YouTube is throwing a major wrench into video playback for viewers who are using ad blockers. The company has confirmed to The Verge that it’s currently running “a small experiment globally that urges viewers with ad blockers enabled to allow ads on YouTube or try YouTube Premium.”
The statement comes after some people began noticing a new prompt warning that video playback could be cut off if YouTube detects repeated use of ad blocking tools. Android Authority earlier reported on those tests, which prevent viewers from watching more than three videos when an ad blocker is active.
“Ad blocker detection is not new, and other publishers regularly ask viewers to disable ad blockers,” Google spokesperson Oluwa Falodun told The Verge by email. YouTube insists that users will receive multiple notifications urging them to cease using the tools — or, alternatively, subscribe to YouTube Premium — before any of their viewing is disrupted.
YouTube says viewers will receive multiple warnings before playback is disrupted
“We take disabling playback very seriously, and will only disable playback if viewers ignore repeated requests to allow ads on YouTube,” Falodun’s email to The Verge reads. “In cases when viewers feel they have been falsely flagged as using an ad blocker, they can share this feedback by clicking on the link in the prompt.”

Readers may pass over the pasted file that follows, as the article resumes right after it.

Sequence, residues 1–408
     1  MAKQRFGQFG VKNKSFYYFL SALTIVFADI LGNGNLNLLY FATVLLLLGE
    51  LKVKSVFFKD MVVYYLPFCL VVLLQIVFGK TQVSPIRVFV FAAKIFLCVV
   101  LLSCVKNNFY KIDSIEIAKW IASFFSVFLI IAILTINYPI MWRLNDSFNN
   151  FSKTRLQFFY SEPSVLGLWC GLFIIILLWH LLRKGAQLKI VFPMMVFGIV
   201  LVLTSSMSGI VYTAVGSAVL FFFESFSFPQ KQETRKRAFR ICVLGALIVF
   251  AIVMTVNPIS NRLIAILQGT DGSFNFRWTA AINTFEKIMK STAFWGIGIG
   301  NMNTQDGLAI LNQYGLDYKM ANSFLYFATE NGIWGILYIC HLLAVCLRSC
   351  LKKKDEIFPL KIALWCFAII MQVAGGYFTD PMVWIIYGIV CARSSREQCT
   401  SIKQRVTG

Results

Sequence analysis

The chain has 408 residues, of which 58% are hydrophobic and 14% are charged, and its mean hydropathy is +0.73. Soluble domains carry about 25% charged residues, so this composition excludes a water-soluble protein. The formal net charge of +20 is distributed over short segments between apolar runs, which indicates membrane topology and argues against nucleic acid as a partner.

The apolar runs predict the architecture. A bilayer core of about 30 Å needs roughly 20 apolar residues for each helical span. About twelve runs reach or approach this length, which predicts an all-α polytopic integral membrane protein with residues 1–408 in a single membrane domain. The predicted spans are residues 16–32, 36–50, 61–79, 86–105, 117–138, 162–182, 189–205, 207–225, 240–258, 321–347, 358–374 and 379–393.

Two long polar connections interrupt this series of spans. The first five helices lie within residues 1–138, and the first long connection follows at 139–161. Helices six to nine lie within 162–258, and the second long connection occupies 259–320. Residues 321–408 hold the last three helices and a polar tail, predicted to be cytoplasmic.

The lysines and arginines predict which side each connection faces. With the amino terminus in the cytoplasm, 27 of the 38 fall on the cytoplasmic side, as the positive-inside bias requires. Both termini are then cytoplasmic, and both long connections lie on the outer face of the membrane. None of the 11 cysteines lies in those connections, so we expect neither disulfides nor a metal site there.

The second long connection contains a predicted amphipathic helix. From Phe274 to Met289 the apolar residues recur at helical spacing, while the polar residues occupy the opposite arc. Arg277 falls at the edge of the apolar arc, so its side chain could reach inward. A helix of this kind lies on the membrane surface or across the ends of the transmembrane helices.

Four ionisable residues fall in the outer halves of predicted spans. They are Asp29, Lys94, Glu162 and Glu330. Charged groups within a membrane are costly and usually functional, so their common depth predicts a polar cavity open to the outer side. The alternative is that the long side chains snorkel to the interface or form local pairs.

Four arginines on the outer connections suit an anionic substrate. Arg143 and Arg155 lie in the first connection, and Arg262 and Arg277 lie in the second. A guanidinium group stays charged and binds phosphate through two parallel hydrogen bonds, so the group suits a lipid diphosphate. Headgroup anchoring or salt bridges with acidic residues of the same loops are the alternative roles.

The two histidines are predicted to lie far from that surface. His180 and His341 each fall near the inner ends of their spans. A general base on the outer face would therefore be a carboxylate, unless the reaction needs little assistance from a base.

These measures indicate that YouTube is hardening its stance against ad blockers, and it’s justifying the move by saying all of those ad spots are critical for creators to be compensated for their content — and for the platform to remain free. “YouTube’s ad-supported model supports a diverse ecosystem of creators, and provides billions of people globally access to content for free with ads,” the company’s statement says.
YouTube has increasingly tested the patience of its users by experimenting with heavier ad load in recent years. Last September, the company served up to 10 unskippable clips within a single ad break in another of its experiments. And in May, YouTube announced that 30-second ads were coming to TV platforms.
YouTube Premium removes ads from the service (and includes other benefits like offline downloads and YouTube Music Premium) for the price of $11.99 per month or $119.99 annually. Last November, the company announced that it surpassed 80 million combined subscribers across YouTube Premium and YouTube Music. So while protecting creators’ earnings is a charitable excuse to go with, the company has every interest in steering more people toward its recurring monthly subscription.
“We want to inform viewers that ad blockers violate YouTube’s Terms of Service, and make it easier for them to allow ads on YouTube or try YouTube Premium for an ad free experience,” the company said in its email to The Verge.